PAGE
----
In complex analysis, a branch of mathematics, the Gauss–Lucas theorem gives a geometric relation between the roots of a polynomial P and the roots of its derivative P'. The set of roots of a real or complex polynomial is a set of points in the complex plane. The theorem states that the roots of P' all lie within the convex hull of the roots of P, that is the smallest convex polygon containing the roots of P. When P has a single root then this convex hull is a single point and when the roots lie on a line then the convex hull is a segment of this line. The Gauss–Lucas theorem, named after Carl Friedrich Gauss and Félix Lucas, is similar in spirit to Rolle's theorem.
It is easy to see that if is a second degree polynomial, the zero of is the average of the roots of P. In that case, the convex hull is the line segment with the two roots as endpoints and it is clear that the average of the roots is the middle point of the segment.
For a third degree complex polynomial P (cubic function) with three distinct zeros, Marden's theorem states that the zeros of P' are the foci of the Steiner inellipse which is the unique ellipse tangent to the midpoints of the triangle formed by the zeros of P.
For a fourth degree complex polynomial P (quartic function) with four distinct zeros forming a concave quadrilateral, one of the zeros of P lies within the convex hull of the other three; all three zeros of P' lie in two of the three triangles formed by the interior zero of P and two others zeros of P.
In addition, if a polynomial of degree n of real coefficients has n distinct real zeros we see, using Rolle's theorem, that the zeros of the derivative polynomial are in the interval which is the convex hull of the set of roots.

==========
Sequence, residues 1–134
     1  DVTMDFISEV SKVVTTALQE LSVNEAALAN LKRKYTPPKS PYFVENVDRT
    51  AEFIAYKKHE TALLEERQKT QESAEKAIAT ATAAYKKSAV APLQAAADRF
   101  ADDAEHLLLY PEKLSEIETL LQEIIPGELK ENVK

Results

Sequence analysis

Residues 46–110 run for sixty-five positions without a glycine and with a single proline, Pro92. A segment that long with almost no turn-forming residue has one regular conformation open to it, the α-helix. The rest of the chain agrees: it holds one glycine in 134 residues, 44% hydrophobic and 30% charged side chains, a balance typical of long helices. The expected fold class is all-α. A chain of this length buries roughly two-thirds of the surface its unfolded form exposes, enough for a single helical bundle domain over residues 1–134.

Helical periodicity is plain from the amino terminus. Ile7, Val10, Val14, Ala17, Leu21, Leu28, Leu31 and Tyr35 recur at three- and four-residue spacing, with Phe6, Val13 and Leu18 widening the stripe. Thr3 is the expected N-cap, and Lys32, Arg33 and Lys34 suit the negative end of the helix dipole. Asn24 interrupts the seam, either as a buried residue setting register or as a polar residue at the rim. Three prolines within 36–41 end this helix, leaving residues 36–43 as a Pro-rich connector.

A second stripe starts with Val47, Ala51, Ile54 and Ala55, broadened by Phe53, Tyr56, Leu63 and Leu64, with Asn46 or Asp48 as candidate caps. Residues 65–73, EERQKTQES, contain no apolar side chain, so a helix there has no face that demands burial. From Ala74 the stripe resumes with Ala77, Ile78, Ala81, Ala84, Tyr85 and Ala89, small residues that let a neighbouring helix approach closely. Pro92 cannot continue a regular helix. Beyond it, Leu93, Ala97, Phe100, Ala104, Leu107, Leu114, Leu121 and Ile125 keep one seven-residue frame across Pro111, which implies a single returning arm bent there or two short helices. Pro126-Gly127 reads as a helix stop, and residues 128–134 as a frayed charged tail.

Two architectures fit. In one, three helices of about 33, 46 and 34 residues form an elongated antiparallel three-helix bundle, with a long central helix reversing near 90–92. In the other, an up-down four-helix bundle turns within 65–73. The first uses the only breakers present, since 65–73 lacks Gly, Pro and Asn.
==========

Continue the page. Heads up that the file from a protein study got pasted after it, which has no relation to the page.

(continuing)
The convex hull of the roots of the polynomial
particularly includes the point
By the fundamental theorem of algebra, is a product of linear factors as
where the complex numbers are the – not necessarily distinct – zeros of the polynomial P, the complex number α is the leading coefficient of P and n is the degree of P.
For any root of , if it is also a root of , then the theorem is trivially true. Otherwise, we have for the logarithmic derivative
Taking their conjugates, and dividing, we obtain as a convex sum of the roots of :
- Lucas, Félix (1874). "Propriétés géométriques des fractionnes rationnelles". C. R. Acad. Sci. Paris. 77: 431–433.
- Lucas, Félix (1879). "Sur une application de la Mécanique rationnelle à la théorie des équations". C. R. Hebd. Séances Acad. Sci. LXXXIX: 224–226..
- Marden, Morris (1966). Geometry of Polynomials. Mathematical Surveys and Monographs. Vol. 3 (2nd ed.). American Mathematical Society, Providence, RI.
- Craig Smorynski: MVT: A Most Valuable Theorem. Springer, 2017, ISBN 978-3-319-52956-1, pp. 411–414